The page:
Boris Johnson has arrived in Berlin to hold crunch talks with Angela Merkel as the EU closed ranks in opposition to his Brexit demands.

In his first European trip as prime minister, Mr Johnson attended a meeting with the German chancellor, where he was expected to spell out his commitment to taking the UK out of the EU on 31 October, with or without a deal.

It comes as Irish foreign minister Simon Coveney warned no deal was more likely than ever, a view echoed by the French government, according to diplomatic sources.

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Welcome to The Independent's politics liveblog, where we will be bringing you all the latest updates throughout the day.
 
Here is our front page, where Europe correspondent Jon Stone has written an essential write through of the day ahead.
 

Boris Johnson flies to the continent today and is set on a collision course with EU leaders after they rejected his demand to scrap the Irish backstop.

Brussels issued a damning dismissal of Mr Johnson’s call to scrap the policy, while Angela Merkel said a “practical solution” would have to be found without reopening the withdrawal agreement negotiated by Theresa May.

Mr Johnson had sent a letter to EU officials calling for the Irish border backstop to be removed from the Brexit withdrawal agreement but presented no alternative to the policy.

The holidays are nearly over - and it's shaping up to be a busy few days for Boris Johnson.

The PM will be in Berlin later where he will discuss Brexit-related issues with the German premier Angela Merkel over dinner, before heading to Paris on Thursday to meet French president Emmanuel Macron.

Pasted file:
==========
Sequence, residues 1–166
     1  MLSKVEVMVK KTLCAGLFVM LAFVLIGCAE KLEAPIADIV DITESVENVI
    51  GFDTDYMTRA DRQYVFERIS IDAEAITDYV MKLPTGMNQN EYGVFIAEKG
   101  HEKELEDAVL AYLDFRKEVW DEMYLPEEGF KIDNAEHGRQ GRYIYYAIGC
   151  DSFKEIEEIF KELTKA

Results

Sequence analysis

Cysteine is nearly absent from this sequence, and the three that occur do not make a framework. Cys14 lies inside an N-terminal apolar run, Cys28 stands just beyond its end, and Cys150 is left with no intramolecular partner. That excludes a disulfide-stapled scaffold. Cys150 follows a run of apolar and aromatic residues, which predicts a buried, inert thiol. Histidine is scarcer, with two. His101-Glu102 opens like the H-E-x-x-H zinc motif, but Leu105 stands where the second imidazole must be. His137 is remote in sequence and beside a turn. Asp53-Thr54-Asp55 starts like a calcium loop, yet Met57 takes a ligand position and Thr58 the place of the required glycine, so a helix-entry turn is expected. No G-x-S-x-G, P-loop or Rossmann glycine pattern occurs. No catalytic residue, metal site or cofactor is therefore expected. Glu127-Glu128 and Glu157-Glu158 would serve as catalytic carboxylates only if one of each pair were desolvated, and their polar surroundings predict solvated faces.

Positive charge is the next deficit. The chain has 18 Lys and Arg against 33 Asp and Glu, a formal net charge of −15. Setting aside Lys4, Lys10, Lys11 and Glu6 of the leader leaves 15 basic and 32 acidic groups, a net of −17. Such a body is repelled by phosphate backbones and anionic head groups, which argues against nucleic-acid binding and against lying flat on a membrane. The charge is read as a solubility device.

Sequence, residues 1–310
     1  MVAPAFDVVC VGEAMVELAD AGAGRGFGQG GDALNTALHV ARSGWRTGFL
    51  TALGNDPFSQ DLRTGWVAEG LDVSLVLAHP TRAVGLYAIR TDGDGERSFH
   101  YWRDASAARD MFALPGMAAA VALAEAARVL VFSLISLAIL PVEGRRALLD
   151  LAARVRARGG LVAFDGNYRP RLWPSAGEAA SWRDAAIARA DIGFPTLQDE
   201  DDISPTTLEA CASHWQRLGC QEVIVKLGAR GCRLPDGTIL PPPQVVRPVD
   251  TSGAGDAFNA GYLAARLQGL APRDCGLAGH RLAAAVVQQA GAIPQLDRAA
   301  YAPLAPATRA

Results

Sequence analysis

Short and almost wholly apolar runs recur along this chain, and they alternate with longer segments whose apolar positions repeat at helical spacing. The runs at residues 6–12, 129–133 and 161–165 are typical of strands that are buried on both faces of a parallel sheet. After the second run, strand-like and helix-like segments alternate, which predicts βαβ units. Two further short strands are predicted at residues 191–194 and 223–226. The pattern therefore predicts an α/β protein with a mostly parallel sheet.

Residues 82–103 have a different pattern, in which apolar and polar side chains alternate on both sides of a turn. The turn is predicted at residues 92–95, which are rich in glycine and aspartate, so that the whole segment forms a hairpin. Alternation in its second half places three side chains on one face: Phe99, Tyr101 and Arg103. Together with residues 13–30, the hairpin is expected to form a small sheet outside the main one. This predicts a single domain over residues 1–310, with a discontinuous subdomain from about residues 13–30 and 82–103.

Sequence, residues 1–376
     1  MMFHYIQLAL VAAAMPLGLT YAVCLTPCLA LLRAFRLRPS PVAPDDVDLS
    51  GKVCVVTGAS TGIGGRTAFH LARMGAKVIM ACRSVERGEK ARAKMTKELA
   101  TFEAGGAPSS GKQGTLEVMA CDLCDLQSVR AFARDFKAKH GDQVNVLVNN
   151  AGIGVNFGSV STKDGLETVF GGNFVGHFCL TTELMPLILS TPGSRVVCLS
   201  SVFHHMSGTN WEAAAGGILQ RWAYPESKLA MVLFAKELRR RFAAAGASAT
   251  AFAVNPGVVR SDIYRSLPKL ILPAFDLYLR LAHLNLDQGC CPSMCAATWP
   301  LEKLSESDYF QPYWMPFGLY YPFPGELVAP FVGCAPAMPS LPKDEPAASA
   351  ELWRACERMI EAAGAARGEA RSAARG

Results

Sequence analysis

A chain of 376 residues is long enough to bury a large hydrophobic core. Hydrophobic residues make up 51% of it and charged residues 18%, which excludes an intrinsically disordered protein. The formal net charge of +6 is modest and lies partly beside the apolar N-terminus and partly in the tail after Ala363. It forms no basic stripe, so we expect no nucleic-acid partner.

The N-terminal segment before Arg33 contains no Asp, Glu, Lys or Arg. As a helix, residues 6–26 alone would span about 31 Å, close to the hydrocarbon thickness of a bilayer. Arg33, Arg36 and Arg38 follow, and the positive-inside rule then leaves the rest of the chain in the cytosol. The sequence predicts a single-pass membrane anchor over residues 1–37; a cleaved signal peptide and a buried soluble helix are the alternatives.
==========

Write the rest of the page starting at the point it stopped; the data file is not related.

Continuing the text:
On Saturday, Mr Johnson will be at the G7 summit where he will meet other world leaders including US president Donald Trump.

The meetings come as Mr Johnson has reiterated his opposition to the Northern Irish backstop, saying he will not support any withdrawal agreement that includes it.

Robert Jenrick, the housing secretary, has insisted it is "entirely possible" for Mr Johnson to secure a Brexit deal, but removing the backstop offered the "only prospect of securing a deal".

He told BBC Radio 4's Today programme: "He's (Mr Johnson) saying... he will negotiate energetically in the pursuit of a deal, he's very happy to sit down and to talk to EU leaders, but he's making clear that the backstop needs to be removed, that is the only prospect of securing a deal."

He added: "If we have a very credible option to leave on October 31... if we do that and we make clear to the EU that we want to secure a deal, we want to leave in an orderly way that works both for us and for our friends in the EU, but that the only way to do that is to reopen the Withdrawal Agreement, remove the backstop."

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Boris Johnson will pull British officials and ministers out of most EU decision-making meetings from September as the government gears up for the Brexit deadline.

Civil servants and ministers will now only attend EU meetings where the UK has a significant national interest in the outcome, such as on security.

The move comes after the prime minister vowed to "unshackle" diplomats in Brussels to employ their talents elsewhere, as Whitehall braces for a looming no-deal departure from the EU.

Ex-culture minister Ed Vaizey has said Boris Johnson was "just going through the motions" with his visits to European capitals and was "hell-bent on getting no deal".

He said the "real onus now" was on parliament to show that it was willing to pass a Withdrawal Agreement, adding that talk of a government of national unity was "completely for the birds".

The Tory MP told BBC Radio 4's Today programme: "Well I'm not going to vote no confidence in the government. I will look at any measures that could prevent no-deal happening, but my challenge to my anti no-deal colleagues, and I totally respect their position and my position is where does that get us?

"Where does an extension get us? It delays it by six months to a year, it doesn't solve the problem."

Former German ambassador to the UK, Thomas Matussek warned there were "certain issues on which the EU cannot budge" and those who thought the EU might make eleventh hour concessions "might be in for a nasty surprise".